New York Outdoor News Cuffs & Collars – April 8, 2022

Night Vision Thwarts Illegal Fishing (Westchester County)

On March 8 and 12, ECOs Tompkins, Wamsley, and Thibodeau conducted a large-scale striped bass enforcement effort in Westchester County, surveilling multiple areas along the Hudson River. Overnight, ECOs watched as anglers illegally caught fish out of season. Utilizing night vision, the ECOs made contact with anglers claiming they didn’t have any fish. Knowing the individuals were lying, Officers located dozens of striped bass hidden in bags, under rocks, behind logs, and stuffed in exposed root systems of trees. Officers issued 27 tickets to 16 individuals throughout the night and seized 53 striped bass, returning the fish with high likelihood of survival back into the water. Deceased fish were donated to a local zoo.

Fisher in Distress
(Delaware County)

On March 10, ECO Doig responded to State Route 10 in the town of Delhi after receiving reports of an injured fisher approaching humans. Lieutenant Nichols, also in the area, assisted ECO Doig in safely capturing the fisher with a catch pole. Officer Doig then contacted the DEC Wildlife Pathology lab in Delmar and explained that the animal was exhibiting unusual behavior by approaching people, which is not normal for fishers. The lab is conducting tests to identify the reason for the fisher’s condition and behavior. For more information on fishers, go to DEC’s website.

Fish Patrol, Opossum for Dinner
(Orange and Rockland Counties)

On March 6, ECOs in Orange and Rockland counties conducted a detail along the Hudson River to stop illicit striped bass activity. Officers issued 36 summonses for charges including fishing without a freshwater fishing license and taking striped bass out of season. In addition to the fishing violations, officers found an individual in possession of an opossum that the subject admitted to shooting in the parking lot and then cooking to eat. ECOs wrote several citations to the individual for the illegal take of the opossum. Raccoons, red and gray fox, skunk, opossum, and weasel are primarily taken for fur during their hunting seasons from Oct. 25 to Feb. 15, but are otherwise protected. 

Illegal Off-Roading Enforcement
(Suffolk County)

On March 14 at 8:30 p.m., Forest Rangers responded to information about off-road vehicles illegally accessing the Otis Pike Preserve. Ranger Hicks apprehended three individuals for illegally accessing the property and starting a campfire where campfires are not permitted. All three subjects were charged with operating a 4X4 vehicle off-road in Suffolk County and instructed to put out the fire and clean up debris. Then, n March 15, while on ATV patrol, Forest Rangers Hicks and Scott received information about an off-road vehicle illegally operating on the Rocky Point State Forest. Rangers apprehended and charged the subject with operating a 4×4 vehicle off-road in Suffolk County. While investigating, Rangers observed a street-legal dirt bike in the same area. The subject fled the area, but was apprehended at a nearby residence and charged with operating an ATV off-road on public land.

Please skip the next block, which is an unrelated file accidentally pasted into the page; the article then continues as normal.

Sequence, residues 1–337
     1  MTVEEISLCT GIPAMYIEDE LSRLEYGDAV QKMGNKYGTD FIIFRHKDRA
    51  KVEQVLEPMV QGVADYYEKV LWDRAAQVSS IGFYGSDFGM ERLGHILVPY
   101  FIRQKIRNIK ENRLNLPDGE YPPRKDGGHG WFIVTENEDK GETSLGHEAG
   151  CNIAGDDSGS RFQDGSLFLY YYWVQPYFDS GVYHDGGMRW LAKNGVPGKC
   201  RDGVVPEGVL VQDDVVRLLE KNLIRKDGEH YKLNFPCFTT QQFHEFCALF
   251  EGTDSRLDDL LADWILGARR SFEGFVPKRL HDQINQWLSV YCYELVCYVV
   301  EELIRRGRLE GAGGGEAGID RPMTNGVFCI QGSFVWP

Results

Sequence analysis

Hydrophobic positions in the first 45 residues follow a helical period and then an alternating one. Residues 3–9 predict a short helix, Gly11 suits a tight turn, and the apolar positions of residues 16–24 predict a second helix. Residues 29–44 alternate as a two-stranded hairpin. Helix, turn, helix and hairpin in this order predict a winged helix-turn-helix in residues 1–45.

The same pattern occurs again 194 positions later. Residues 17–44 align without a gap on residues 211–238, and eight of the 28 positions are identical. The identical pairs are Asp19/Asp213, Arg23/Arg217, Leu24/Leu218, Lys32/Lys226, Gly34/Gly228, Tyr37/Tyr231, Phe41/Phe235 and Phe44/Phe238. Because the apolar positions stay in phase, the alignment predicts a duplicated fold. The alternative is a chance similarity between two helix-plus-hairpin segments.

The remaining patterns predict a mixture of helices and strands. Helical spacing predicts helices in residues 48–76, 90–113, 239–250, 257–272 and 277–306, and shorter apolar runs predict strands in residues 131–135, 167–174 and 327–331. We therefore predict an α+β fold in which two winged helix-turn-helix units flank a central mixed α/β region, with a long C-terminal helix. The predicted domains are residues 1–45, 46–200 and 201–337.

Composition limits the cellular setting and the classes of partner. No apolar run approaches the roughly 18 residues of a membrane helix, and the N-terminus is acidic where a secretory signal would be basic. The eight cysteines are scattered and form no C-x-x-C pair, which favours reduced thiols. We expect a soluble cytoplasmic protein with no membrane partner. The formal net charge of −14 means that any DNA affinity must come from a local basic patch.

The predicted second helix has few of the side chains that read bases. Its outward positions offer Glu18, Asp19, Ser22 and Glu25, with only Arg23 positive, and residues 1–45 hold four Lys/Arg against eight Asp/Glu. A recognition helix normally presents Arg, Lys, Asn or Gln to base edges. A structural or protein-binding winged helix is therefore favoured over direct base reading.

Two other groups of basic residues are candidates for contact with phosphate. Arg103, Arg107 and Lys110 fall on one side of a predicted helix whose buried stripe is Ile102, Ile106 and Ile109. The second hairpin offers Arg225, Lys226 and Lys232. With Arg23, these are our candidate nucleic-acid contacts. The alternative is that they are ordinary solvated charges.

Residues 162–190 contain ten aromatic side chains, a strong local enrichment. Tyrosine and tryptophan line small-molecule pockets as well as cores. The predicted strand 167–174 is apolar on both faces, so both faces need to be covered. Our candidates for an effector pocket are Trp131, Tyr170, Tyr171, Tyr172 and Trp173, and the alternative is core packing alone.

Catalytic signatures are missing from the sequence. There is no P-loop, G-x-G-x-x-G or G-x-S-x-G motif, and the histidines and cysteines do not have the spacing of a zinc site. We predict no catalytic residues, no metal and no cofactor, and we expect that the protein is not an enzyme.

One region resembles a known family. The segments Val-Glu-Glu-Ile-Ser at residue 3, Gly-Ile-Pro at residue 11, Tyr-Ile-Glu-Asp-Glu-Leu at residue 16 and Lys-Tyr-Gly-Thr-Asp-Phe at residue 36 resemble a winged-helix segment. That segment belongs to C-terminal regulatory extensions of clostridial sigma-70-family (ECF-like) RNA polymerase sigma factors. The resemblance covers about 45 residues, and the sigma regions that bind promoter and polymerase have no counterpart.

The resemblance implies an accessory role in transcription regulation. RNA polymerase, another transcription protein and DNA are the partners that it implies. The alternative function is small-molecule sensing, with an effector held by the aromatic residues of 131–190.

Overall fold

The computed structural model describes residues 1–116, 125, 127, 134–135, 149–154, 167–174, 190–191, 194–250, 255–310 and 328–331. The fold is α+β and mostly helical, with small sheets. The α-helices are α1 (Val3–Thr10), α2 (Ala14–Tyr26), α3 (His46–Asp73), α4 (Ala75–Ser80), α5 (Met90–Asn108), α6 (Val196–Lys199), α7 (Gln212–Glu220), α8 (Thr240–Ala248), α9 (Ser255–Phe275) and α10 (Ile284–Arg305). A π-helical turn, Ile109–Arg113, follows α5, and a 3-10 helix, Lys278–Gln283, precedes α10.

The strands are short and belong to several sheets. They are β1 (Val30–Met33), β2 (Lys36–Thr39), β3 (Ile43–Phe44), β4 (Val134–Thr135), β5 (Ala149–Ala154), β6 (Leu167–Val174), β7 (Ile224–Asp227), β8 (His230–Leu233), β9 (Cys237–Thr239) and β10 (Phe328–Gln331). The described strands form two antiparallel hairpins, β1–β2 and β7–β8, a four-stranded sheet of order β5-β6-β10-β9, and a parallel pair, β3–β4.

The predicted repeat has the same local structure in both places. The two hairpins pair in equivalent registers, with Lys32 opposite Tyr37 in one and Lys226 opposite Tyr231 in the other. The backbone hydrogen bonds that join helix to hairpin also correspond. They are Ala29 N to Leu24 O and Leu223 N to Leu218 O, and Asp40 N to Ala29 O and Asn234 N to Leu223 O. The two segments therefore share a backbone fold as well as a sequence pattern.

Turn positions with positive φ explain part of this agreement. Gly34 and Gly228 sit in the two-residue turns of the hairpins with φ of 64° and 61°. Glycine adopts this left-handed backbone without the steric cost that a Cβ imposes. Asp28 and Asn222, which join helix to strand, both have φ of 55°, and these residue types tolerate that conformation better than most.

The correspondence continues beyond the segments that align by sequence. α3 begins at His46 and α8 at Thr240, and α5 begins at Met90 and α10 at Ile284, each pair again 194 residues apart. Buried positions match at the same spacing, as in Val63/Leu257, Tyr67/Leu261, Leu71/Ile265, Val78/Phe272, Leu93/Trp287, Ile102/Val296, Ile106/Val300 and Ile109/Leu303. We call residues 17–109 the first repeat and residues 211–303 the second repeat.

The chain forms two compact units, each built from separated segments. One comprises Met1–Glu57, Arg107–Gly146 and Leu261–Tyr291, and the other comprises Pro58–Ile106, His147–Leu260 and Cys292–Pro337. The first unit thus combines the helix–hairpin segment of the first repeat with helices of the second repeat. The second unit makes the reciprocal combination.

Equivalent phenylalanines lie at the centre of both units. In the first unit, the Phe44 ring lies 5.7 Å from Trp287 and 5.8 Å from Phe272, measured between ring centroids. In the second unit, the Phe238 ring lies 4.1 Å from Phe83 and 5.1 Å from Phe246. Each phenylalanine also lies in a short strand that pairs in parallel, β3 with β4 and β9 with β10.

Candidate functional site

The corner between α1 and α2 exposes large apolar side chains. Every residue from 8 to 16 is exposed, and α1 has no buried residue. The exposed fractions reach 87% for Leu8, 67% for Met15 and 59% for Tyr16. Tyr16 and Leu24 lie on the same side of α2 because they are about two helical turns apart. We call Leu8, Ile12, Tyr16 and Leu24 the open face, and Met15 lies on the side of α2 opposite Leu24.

Flat Ice Rescue Training
(St. Lawrence County)

On March 7, 14 Forest Rangers conducted the annual Flat Ice Rescue Training at DEC’s Cranberry Lake Complex. Four members of DEC’s Division of Environmental Remediation Spill Response Unit also attended. The classroom portion of the training included pre-planning, response, and coordination of flat ice rescue incidents. The field portion of the training highlighted self-rescue techniques, along with reach, throw, and go responses. The Region 6 airboat was deployed to provide operators and crew with additional training to deliver personnel to the scene and safely transition victims from the water to the deck of the airboat. The Region 6 airboat was recently used in the rescue of stranded subjects in Lyonsdale, Lewis County.

Stuck on the Beach
(Suffolk County)

On March 6, ECOs DeRose and Perkins assisted New York State Park Police responding to a large gathering of cars organized over social media at Captree State Park. Some participants were driving recklessly and others parked on the fishing pier. The Officers found five vehicles parked in and around the pier, including one parked on seagrass in a tidal wetland area. Another driver attempted to drive a sedan on the beachfront where it became stuck. When the Officers asked the drivers why they were driving in an area not designated for vehicles, the subjects all gave the same answer-to take photographs. Park Police ticketed the drivers found in the area and ECOs issued additional tickets to the driver of the vehicle parked on the seagrass and the driver stuck on the beachfront for disturbing the natural state of a tidal wetland without a permit. The Environmental Conservation Law violations are returnable to Suffolk First District Court.

Categories: Cuffs & Collars

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